There’s no better place to shop than New York in the first week of September. The weather has treated us to a heatwave and hiding in air-conditioned shops was our best option. We found the retail scene in a turmoil and transition, as New York’s rents have been steadily falling, resulting in a 12% drop over the last year and 143 locations having stood empty for at least 12 months. However, young e-com retailers are moving in to provide that vital personal touch only a physical location can!
The battle for the New Yorkers’ shopping souls is being fought at the ground level…literally, as sneakers are how the locals express their (complex) personalities.
Sassy sneakers: Sneaker worship is felt keenly in Alife, on Rivington Street, with their mahogany cigar bar ambience and a ‘private members club’ vibe. Sneakers are displayed in glass boxes like precious gems, and indeed many of the pairs really are unique. In early September the store hosted the launch of the Puma x Bradley Theodore new shoes collection, created by the much-loved NY graffiti artist. What’s on the wall should stay on the wall, except if it’s made by Bradley, as the final product looks like graffiti that simply belongs on your foot. Banksy next?
Alife also hosted Pharell Williams’ new designs, which reflect the African roots of running and use a bold colour palette with references to the desert and the jungle. Both events were packed and Alife has established itself as a go-to for sneaker worshipping.
Kith’s kit is the king: More urban style but no cigar was spotted in Kith, a premium fashion and sneaker store on Lafayette. The shop has been enlarged and refurbished so it can now offer a wider range, including for women and kids, although they do feel somewhat like an afterthought. The venue has that lingering luxury feeling, riding high on the fact that Kith’s fashion show during NY Fashion Week was simply ‘the dopest’. LeBron James and Justin Bieber both attended to see the Kith x Versace new collaboration, that was as stylish as it was respectful of the fashion maestro. Kith’s second collab with Tommy Hilfiger was just the icing on the cake.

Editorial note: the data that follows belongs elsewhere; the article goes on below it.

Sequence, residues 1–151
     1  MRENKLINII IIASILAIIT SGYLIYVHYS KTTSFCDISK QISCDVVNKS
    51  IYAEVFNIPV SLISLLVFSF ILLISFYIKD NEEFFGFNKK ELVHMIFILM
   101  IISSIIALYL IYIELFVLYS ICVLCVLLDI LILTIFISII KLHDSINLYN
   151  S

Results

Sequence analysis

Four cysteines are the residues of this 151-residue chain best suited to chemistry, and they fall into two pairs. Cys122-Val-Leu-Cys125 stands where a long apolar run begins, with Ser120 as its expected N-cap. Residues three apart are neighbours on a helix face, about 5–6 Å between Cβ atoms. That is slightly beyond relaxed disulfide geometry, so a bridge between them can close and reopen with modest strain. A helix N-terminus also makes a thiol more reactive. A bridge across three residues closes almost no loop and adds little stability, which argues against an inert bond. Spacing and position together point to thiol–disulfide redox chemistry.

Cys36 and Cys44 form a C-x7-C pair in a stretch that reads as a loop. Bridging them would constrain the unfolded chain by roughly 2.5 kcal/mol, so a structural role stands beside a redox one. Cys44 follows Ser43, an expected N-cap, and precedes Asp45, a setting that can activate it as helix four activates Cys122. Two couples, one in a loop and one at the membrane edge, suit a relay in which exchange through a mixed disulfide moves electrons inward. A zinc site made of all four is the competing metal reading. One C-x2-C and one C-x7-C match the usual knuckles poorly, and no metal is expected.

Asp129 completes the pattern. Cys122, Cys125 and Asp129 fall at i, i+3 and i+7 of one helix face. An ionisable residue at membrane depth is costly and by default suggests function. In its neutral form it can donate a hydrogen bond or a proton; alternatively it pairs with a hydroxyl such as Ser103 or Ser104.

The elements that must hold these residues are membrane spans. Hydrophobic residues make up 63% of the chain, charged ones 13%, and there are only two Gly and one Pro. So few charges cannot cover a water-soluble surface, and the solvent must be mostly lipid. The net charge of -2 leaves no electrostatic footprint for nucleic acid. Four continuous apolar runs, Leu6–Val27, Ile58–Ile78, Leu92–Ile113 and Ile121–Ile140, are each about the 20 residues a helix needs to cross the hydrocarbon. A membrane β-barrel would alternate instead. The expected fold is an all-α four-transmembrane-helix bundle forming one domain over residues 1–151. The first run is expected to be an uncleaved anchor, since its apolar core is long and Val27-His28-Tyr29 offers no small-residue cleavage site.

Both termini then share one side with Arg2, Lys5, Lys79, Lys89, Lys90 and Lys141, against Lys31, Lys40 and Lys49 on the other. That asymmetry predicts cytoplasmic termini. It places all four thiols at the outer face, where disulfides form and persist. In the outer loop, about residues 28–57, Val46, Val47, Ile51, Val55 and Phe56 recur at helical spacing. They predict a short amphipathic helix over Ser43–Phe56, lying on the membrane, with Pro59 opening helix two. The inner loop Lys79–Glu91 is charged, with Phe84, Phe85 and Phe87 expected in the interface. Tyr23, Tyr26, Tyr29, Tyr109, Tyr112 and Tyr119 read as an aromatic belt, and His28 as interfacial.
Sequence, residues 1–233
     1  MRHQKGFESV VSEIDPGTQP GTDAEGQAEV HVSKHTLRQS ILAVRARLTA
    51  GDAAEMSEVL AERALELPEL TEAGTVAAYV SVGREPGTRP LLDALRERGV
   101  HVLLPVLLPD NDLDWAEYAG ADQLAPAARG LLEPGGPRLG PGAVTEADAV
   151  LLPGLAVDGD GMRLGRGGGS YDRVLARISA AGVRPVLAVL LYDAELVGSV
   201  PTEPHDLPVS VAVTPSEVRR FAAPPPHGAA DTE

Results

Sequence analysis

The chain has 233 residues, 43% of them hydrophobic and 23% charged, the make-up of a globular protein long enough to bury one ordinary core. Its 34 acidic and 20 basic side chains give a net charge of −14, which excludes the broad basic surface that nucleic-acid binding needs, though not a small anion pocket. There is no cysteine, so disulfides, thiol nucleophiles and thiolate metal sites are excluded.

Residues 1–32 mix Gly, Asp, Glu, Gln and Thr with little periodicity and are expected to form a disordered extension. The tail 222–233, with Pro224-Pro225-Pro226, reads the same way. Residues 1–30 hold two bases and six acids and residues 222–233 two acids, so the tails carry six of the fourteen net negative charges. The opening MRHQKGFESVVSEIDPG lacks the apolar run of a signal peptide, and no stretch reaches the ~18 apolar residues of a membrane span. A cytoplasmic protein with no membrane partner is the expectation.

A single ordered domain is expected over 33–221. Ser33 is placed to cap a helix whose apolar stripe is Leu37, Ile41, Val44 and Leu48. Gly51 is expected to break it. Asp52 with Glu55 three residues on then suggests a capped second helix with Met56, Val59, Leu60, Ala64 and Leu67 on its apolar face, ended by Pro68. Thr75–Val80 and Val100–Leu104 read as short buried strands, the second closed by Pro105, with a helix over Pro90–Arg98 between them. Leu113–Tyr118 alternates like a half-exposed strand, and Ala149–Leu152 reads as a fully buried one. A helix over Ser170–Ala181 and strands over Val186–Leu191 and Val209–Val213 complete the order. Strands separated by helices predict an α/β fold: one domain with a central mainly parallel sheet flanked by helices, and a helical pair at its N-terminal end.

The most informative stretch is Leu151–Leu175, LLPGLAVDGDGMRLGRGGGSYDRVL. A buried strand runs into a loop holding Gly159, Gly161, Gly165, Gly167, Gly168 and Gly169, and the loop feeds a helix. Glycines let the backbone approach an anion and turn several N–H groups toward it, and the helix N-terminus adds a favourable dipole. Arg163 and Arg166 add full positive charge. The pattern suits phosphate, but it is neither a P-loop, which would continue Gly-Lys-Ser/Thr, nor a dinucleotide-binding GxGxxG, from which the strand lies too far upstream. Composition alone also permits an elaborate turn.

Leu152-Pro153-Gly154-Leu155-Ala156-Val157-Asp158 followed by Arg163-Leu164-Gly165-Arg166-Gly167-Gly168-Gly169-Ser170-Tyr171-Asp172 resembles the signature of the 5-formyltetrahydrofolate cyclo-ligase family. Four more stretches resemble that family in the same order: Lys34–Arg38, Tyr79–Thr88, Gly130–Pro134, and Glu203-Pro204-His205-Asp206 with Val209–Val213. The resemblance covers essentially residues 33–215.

Feminist fashion ninjas @ Bulletin: If fashion politics are your thing, then Bulletin in Nolita offers their Feminist Urban Street Fighter kit, something that in these Trumpian times has become a daily necessity for every young woman. Bulletin has started its life in humble Williamsburg, in Brooklyn, but as ‘resistance fashion’ has gone mainstream, so has the store, rolling out a new location closer to NYU students. The shop is a hub for female-led brands and distributes up-and-coming fashion from all over the country.
Inside the story: Instagram leads the trends and retail has to follow. That was the conclusion of the founder ofStory, an NY-based fashion-to-gift shop that changes concept every six weeks, collaborating with different e-com brands like Jet.com. Story closes for refurbishment and emerges in a new format with new brands to delight and surprise customers. More of a gallery than a shop, Story attracted the eye of Macy’s biz dev team and voila! They bought Story in May 2018 and the founder is now looking after bridging Macy’s liaison with new emerging e-com retailers.
Primark bites the Big Apple: New York has always been difficult ground for European retailers, but the new Primark stores at Staten Island and now Brooklyn are a resounding success. Both stores are packed from dawn till dusk as New York fashionistas discover the delights of cheap but trendy clothing. Topshopcreated similar buzz back in 2009 but had higher prices and bad luck, landing in the middle of the US recession. Primark is benefiting from the increased confidence of US shoppers and its rock-bottom pricing is something of a revelation for the locals. Besides, Primark is taking on Pink and Victoria’s Secret, with bralettes and more structured bras looking seriously on trend – and about 30% cheaper. Game on VS!
Next month we’ll be reporting from our home ground in London, as an exciting crop of new fashion stores has defied the negative high street sentiment.